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Don Cheadle Talks Iron Man 3
How War Machine became the Iron Patriot

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Iron Man 3 may be only Don Cheadle's second outing as Tony Stark's best friend, James 'Rhodey' Rhodes (Terrence Howard, of course, played the character in the first Iron Man movie, while he was AWOL for The Avengers), but he's already very much at home with the character. Iron Man 3 sees Rhodey - who became War Machine in Iron Man 2 - at the heart of the action, repositioned as Iron Patriot by the US military and, soon, right at the heart of The Mandarin's diabolical plans. We spoke to Don Cheadle in January about coming back to the role, about getting more action, and on his Avengers absence.

Don Cheadle Talks Iron Man 3

How was your second outing as Rhodey?
It was nice to return. It's a fun project and you get to make believe with all the best toys and do a lot of flying. It was great. I get to do a lot more action in this one. That's a lot more fun. I like to be physical and under the protection of a great stunt team, you can do some stunts and fly around on ropes and cables. It was nice to play a character that could do inside a movie and be truthful.

So, what happened to War Machine in The Avengers, then?
That's a really good question, isn't it? I have no idea. It's a question that got into the movie. A kid asks Robert, how do you get to be an Avenger? I said, kid, that's the $25,000 question. [Note: This has since been cut from the movie!]

What's Rhodey been up to, then? Where do we find him?
We find him coming back and meeting with Tony. They haven't seen each other in a while. They get back into it right away with Tony wanting to be involved and know about this bad guy and help out. He's not persona non grata, but there is a distance that the government and military is trying to create. The Avengers came in and solved this world problem, and where was the military?

Rhodey becomes Iron Patriot quite early on. Is he appropriated by the military?
He's not necessarily appropriated, but for lack of a better word he is. He's been reappropriated, but he was always a military man. He's taken Tony's design and they're going to use it now for the government. Tony gave him the technology and he's working with another organisation to enhance it and do different things with it. It's a responsibility he takes very seriously.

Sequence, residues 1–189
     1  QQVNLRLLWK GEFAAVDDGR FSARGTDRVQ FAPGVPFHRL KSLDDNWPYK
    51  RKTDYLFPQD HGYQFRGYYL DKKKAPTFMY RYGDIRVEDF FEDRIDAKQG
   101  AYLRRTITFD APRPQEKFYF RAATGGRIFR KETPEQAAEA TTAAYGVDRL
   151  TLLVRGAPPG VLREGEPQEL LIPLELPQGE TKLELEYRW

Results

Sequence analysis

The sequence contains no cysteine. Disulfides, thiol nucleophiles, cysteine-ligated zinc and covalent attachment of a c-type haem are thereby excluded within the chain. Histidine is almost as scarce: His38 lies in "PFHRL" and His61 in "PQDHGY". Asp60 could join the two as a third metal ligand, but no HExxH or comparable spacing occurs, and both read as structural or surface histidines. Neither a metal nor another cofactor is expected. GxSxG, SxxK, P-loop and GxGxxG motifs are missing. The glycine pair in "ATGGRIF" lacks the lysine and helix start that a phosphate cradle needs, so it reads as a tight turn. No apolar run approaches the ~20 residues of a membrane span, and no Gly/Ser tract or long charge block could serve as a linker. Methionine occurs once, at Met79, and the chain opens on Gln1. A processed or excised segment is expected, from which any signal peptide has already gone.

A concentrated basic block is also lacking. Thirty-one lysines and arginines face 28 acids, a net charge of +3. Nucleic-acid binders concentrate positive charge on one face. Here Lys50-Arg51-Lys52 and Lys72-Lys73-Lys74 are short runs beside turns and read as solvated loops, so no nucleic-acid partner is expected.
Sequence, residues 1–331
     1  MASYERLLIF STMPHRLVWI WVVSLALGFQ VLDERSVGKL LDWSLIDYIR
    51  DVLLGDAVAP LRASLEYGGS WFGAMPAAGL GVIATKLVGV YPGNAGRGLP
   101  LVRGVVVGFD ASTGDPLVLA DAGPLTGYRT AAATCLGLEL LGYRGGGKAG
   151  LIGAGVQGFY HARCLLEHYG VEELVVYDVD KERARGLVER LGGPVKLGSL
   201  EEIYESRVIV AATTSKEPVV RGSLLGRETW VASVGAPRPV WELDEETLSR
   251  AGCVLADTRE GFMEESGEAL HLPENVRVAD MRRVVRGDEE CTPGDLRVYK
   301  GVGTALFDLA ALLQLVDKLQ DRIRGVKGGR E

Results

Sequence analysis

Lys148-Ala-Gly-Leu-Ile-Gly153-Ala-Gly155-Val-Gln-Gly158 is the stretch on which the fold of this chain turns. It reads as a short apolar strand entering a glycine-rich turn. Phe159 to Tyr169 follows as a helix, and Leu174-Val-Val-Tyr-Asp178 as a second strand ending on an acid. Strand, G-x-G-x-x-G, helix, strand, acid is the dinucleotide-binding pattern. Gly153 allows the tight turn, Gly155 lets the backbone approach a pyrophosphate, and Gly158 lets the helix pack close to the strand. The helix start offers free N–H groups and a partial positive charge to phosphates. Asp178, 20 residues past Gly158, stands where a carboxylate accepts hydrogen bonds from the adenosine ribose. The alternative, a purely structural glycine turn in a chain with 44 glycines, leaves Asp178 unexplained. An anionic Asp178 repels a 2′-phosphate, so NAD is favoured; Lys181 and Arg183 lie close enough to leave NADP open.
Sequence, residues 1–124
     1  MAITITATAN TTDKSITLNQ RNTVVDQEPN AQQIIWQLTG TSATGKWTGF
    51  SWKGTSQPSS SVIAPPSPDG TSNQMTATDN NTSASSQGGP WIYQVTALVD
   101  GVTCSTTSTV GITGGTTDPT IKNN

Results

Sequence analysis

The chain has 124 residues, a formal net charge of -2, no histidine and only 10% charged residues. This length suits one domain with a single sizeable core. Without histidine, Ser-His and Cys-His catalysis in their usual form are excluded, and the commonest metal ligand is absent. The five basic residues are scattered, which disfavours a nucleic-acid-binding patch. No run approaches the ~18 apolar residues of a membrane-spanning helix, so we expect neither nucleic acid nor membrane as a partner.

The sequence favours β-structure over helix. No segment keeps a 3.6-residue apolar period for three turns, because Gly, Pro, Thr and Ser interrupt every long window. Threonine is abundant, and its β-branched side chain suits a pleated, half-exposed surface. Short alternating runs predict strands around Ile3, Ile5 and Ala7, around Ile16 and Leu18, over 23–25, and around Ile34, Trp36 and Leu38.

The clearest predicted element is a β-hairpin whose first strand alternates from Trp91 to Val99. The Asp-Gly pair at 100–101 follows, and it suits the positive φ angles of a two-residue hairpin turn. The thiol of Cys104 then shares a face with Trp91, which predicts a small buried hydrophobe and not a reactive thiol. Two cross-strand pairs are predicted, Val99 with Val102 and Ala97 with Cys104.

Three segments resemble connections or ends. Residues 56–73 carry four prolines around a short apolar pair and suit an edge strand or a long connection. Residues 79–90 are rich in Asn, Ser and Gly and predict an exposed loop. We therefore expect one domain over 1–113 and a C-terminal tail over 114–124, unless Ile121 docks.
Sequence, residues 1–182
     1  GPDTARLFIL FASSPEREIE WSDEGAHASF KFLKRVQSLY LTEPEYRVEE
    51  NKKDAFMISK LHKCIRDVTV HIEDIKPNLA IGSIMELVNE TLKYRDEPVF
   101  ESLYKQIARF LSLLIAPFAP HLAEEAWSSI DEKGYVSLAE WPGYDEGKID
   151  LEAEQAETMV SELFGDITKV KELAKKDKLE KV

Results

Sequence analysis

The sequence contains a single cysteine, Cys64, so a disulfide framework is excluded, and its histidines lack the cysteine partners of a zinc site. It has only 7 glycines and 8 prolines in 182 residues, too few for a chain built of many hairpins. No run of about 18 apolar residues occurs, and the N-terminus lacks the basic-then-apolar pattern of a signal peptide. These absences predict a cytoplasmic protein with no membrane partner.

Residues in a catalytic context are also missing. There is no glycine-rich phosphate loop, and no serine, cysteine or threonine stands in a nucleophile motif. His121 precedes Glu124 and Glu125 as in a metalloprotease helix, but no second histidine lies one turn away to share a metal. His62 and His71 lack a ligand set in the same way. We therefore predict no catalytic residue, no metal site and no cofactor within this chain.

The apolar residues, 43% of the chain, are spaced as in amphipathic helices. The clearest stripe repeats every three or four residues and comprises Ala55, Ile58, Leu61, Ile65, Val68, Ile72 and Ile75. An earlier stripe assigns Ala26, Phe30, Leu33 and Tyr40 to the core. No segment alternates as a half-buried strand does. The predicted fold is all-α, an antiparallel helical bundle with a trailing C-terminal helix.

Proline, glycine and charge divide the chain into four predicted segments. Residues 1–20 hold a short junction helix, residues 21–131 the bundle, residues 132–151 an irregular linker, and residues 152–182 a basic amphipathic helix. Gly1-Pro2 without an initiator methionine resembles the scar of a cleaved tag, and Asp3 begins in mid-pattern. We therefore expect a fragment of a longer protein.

How do you like the new suit?
There's room for more to be done with these characters. We're getting to a sweet spot with Tony and Rhodey.
OK... it's a new and different look. It's interesting. I don't know how personally I'd feel about being draped in the flag. You put it on and it's heavy as shit. I'm not saying that Rhodey cares what the paint job is like, he just wants it to do what it does. He doesn't want to be used as a symbol, he wants to be used as a soldier, but he understands there's a political side to the military as well.

And what are your feelings on the new name? Tony doesn't seem to like it in the movie.
Well, it makes as much sense as Iron Man...

Shane Black's one of the best writers in Hollywood. Was working with his and Drew Pearce's script a joy?
It's nice too that Robert and I are really comfortable at improvising. We always get into a pow-wow before we shoot, and Drew and Shane and myself and Robert would go over it and make sure it has that pop, that electricity that was evident in the Japanese garden scene at the end of the second one. It's improv that finds its way into the script.

Do you find that this movie has something of a Shane Black stamp on it, with more of a buddy relationship between Tony and Rhodey?
To be honest, I didn't know a lot of Shane's work before we did this film. I couldn't say it has that Shane Black stamp on it. But I'm sure it has that sort of patois.

Shane has said that he sometimes can't tell the difference between Robert and Tony. Can you?
Yeah, they're different. It was a piece of brilliant casting for sure. Robert is a perfectionist and really wants to make sure that everything is optimally working. We grind a lot on the script but try to get it to a better place. I don't feel I'm working with Tony Stark. I'm working with Robert Downey. I don't know the mind of Tony Stark except through the lore of the movie and the comics. He's a super-genius, but I'll say this much: I've never seen Robert invent anything.

This is the end of Robert's deal with Marvel, but do you think we might see you guys back for more?
The door is always left open in these kinds of movies especially when they do as well as they have done. I know there was talk of making sure we did this one right, and if it worked it could be the last one. There's room for more to be done with these characters. We're getting to a sweet spot with Tony and Rhodey, anyway. Robert's really busy, he's just had a kid, and if he were to say I need a break for a second, I would not blame him.

Is this a darker sequel? That seems to be the trend these days.
From my perspective, there's so much that happens outside of my purview, with Tony and Pepper and Ben and Guy's characters. Thematically, given the terrorism there's a bit of a darker tone but ultimately the heroes are heroes at the end of the day. It doesn't go to the same territory as The Dark Knight.

Interview by Chris Hewitt

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